Fellows and faculty from the New Zealand Defense Force (NZDF) Command and Staff College (CSC) attended a joint workshop hosted at the Asia-Pacific Center for Security Studies (APCSS) from November 4-7. Focused on security dynamics and cooperation in the Asia Pacific region, this was the third consecutive year that the Center has partnered with the NZDF, providing the venue, facilities and educational resources to support the first of three stops on the college’s annual study tour. 

The 56 participating Fellows were a mix of military professors, officers, and Non-Commissioned Officers (NCOs), along with government officials, representing ten countries, including New Zealand, Australia, Indonesia, Malaysia, Papua New Guinea, Republic of Korea, Singapore, Tonga and the United States. 

Designed to support the curriculum objectives of the NZDF-CSC annual course, the joint workshop explored prevalent and emerging transnational trends, geopolitical influences, and ongoing security cooperation efforts within the region.  Each topic was examined from a New Zealand perspective, specifically assessing the countries’ role within the region’s security architecture. Other highlights of the week long session included a senior enlisted Non-Commissioned Officers (NCOs) discussion panel comprised of representatives from each U.S. military branch and international military forces, a visit and orientation briefing with U.S. Pacific Command, and tours of several museums and historical sites on the island of Oahu.  

Dr. Rouben Azizian of the APCSS College of Security Studies, and Dr. Peter Greener, NZDF-CSC Dean of Academic Faculty, served as co-chairs for a joint faculty team that lead the workshop. In addition to the off-site tours, daily sessions consisted of a balance of lectures, plenary discussion and small seminar working groups. The event culminated with each small seminar group presenting analysis of New Zealand’s role in the region and how it and other nations in the area could optimize their security cooperation in the future.  

Summarizing the effectiveness of the joint workshop, Dr. Greener noted, “The workshop ran seamlessly due to the thorough planning and coordination that goes into this event by both faculty groups.”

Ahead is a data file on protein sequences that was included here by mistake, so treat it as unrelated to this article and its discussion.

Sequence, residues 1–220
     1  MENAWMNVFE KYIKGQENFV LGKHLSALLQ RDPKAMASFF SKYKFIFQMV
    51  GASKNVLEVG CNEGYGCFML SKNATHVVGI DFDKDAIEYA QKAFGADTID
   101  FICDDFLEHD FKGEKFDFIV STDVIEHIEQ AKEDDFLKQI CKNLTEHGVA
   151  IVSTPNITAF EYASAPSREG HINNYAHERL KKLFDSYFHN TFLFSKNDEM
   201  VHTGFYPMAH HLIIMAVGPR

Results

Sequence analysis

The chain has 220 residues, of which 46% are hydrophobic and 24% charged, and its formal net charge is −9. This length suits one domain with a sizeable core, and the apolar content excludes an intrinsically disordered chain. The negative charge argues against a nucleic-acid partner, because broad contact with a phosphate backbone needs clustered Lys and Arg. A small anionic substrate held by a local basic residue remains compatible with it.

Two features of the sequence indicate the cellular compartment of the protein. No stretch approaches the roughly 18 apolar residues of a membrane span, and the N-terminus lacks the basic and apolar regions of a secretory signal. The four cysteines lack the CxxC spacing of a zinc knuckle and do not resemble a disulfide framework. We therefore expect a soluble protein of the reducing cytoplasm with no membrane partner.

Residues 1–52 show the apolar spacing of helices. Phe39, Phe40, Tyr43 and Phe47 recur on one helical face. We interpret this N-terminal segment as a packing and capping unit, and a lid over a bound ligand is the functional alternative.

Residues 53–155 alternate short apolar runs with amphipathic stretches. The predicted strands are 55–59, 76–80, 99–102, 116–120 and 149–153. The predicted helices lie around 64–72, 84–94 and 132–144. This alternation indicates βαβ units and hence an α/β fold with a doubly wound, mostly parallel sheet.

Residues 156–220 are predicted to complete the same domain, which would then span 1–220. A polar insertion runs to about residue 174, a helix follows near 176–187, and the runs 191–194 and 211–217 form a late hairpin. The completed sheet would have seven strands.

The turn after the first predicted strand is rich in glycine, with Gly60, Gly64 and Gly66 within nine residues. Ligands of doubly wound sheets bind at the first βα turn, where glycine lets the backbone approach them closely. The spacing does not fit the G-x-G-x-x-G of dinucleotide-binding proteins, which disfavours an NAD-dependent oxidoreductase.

Highlighting its productivity, Dr. Azizian added “There was overwhelming feedback on the outputs from the workshop, including long-term visions for regional capacity building in the future which will enhance New Zealand’s role in regional security.”

APCSS held this joint workshop while simultaneously hosting 100 Fellows for the Asia Pacific Orientation Course (APOC) 13-3.  The faculty and staff of the Center were able to mutually support each course during the week, running them concurrently but autonomously, through maximum use of the Center’s advanced facilities. 

Concluding the week, the NZDF-CSC Commandant presented the title of honorary professor to Dr. Azizian for his extensive contributions to their college for the past few years, noting that they hoped this level of collaboration would continue in the future. Separately, the faculty leaders shared their mutual opinion that this workshop collaboration has helped to improve military relations and dialogue between the U.S. and New Zealand over the past few years. “The APCSS faculty and staff members are excited to work with the New Zealanders because they are engaged, candid and very consistent in the exchange of ideas,” said Dr. Azizian.  



Note: More photos of this workshop may be found on Facebook here:

The Regional Security & Cooperation in the Asia-Pacific Workshop

U.S. and New Zealand Senior Enlisted Leaders Hold Forum at APCSS